Even Charles Darwin himself did not think that his ideas of evolution were incompatible with his Christian faith. He did lose it over the cruelness of nature though.
5. Rejecting the idea of hell as eternal conscious torment for all non-Christians
Another debate that is as old as the history of the Church is the fate of those not in Christ. While universalism has always been a minority position, belief in hell of some sorts seems to be a majority position, the details vary a lot throughout church history. Some of the church fathers seem to tend to very generous inclusivism or even in the direction of hopeful universalism, with some like Origen even arriving at full universalism. (Which means that Christ in his death and resurrection was able to save all from hell, not at all that all religions are the same or so…)
Another part of the discussion is the nature of hell. C.S. Lewis seems (in line with more orthodox church fathers) to see hell as being cut of from God, the Source of all life. Other orthodox thinkers see hell as the same place as heaven, where the undiluted presence of God is unbearable to those who hate Him.
Another alternative idea about the fate of the wicked is Annihilationism (the wicked are just annihilated and cease to exist after the judgement), and old and in origin Jewish idea that has been made popular in more recent times by the seventh-day adventists (also followed by the Jehovah witnesses by the way) for mainly biblical reasons.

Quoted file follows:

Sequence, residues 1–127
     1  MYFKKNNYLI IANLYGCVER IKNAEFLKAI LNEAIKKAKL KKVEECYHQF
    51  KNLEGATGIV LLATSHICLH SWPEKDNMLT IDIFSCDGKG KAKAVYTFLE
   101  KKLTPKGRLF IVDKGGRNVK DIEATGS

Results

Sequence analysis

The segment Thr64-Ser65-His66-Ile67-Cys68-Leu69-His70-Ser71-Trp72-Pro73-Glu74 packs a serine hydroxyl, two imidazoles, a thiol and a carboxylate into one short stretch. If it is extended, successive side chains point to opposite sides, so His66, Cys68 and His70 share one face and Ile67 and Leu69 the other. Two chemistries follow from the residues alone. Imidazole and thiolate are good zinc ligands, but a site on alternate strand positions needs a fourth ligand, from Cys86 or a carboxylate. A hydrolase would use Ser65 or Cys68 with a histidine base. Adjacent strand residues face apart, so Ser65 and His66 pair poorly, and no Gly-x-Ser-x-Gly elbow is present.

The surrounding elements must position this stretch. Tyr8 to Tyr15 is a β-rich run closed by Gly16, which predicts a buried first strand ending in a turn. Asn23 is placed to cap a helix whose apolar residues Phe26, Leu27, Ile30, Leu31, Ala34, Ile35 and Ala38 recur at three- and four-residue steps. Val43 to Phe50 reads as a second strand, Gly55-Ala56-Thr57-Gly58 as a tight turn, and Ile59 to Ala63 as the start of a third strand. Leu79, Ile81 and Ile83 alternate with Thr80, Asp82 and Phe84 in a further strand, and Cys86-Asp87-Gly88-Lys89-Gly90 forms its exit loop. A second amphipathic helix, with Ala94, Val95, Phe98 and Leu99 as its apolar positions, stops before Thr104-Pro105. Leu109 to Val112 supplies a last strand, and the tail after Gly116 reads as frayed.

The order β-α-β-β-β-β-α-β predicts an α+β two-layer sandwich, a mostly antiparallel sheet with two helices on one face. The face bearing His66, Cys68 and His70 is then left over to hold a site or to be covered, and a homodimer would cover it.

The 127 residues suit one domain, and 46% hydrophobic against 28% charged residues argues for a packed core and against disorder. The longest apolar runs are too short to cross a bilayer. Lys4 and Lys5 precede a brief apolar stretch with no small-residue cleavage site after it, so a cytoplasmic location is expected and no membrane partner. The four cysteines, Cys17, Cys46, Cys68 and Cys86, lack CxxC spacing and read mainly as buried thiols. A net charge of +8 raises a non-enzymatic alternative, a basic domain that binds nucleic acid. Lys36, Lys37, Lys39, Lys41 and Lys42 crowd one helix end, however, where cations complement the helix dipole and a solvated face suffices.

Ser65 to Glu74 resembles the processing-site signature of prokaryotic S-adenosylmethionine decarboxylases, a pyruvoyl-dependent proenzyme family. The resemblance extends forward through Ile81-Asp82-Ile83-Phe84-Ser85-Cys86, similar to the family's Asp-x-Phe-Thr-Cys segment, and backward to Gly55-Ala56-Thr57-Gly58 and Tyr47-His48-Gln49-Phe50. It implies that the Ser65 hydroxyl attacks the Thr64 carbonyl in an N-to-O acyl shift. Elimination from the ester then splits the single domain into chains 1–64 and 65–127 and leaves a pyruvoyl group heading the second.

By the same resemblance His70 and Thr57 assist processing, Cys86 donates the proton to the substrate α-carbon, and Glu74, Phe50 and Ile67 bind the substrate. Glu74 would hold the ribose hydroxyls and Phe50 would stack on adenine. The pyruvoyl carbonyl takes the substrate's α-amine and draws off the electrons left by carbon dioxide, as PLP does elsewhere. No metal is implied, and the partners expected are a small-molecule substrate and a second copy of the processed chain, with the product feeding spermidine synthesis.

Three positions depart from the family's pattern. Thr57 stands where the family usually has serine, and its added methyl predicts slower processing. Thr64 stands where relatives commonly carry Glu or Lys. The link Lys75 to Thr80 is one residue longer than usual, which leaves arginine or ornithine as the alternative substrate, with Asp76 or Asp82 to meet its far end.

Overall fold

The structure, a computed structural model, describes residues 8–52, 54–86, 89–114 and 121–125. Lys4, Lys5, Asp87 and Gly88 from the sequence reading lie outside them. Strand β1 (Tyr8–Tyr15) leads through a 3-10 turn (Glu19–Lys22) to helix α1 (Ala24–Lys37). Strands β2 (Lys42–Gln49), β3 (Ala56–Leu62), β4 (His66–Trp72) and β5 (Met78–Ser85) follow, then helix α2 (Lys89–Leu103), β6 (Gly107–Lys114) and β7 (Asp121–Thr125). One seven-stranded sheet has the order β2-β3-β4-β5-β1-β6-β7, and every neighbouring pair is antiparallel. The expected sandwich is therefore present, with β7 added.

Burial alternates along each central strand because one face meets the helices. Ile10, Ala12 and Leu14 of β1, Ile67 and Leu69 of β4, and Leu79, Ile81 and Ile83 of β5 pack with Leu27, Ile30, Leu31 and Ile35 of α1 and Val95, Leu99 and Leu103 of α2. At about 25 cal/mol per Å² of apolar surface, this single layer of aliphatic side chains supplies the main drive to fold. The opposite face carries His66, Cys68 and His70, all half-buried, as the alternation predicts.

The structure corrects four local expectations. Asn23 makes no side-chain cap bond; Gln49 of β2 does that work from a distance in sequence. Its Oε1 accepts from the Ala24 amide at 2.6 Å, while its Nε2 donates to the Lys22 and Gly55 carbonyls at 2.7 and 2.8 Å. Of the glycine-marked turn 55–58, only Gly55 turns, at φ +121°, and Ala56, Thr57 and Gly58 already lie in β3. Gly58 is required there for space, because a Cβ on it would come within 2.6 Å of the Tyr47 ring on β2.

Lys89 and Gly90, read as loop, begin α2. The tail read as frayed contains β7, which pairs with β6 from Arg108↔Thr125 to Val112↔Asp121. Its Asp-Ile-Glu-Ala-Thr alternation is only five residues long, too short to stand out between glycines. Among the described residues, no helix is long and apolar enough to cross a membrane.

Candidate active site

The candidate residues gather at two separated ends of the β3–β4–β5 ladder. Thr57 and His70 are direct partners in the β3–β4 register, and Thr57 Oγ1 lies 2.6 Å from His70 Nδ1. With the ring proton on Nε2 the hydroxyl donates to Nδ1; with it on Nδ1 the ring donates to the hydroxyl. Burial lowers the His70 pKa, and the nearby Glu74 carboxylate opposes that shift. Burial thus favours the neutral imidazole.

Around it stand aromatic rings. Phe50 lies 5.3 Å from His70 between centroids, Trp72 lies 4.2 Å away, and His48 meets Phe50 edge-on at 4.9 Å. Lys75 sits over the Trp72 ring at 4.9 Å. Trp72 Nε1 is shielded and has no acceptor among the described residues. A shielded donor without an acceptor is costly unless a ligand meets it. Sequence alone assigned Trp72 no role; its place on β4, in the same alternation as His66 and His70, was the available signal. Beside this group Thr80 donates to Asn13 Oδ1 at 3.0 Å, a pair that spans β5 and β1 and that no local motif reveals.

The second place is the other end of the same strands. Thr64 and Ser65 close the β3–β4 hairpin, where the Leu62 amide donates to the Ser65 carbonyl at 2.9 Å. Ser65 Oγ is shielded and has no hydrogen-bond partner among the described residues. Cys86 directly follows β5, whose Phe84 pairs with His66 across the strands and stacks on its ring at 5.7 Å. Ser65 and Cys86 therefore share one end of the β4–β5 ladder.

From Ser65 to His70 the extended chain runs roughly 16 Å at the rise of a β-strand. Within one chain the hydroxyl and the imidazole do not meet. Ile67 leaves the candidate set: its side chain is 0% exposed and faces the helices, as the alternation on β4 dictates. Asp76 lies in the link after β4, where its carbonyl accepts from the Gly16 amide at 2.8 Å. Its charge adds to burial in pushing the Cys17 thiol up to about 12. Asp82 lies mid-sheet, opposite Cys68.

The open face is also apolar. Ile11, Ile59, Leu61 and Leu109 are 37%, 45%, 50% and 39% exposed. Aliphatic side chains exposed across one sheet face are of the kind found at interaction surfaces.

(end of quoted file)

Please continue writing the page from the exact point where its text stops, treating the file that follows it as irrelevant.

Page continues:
6. Rejection of an exclusively ‘penal substitution’ view of the atonement in Christ
And another important discussion, but here the evangelical default itself is historically a more recent minority position: penal substitution atonement as we know it (Jesus saved us by taking Gods wrath upon Himself on the cross) is only as old as protestantism. For the other 1500 years and in other traditions very different ideas existed about how Jesus saved us by his life, death and resurrection. We even see this in the famous Narnia story, where Lewis follows a classical ransom-version of Christus Victor atonement: the sinner (Edmund) is freed from slavery to death and sin (the witch) because Jesus (Aslan) took his place and defeated death and sin in the resurrection… Note that this still IS substitutionary atonement, but not at all penal substitution. (If I understand correctly the idea of penal substitution as some protestants teach it is regarded as abhorrent and even heresy by a lot of Eastern Orthodox thinkers)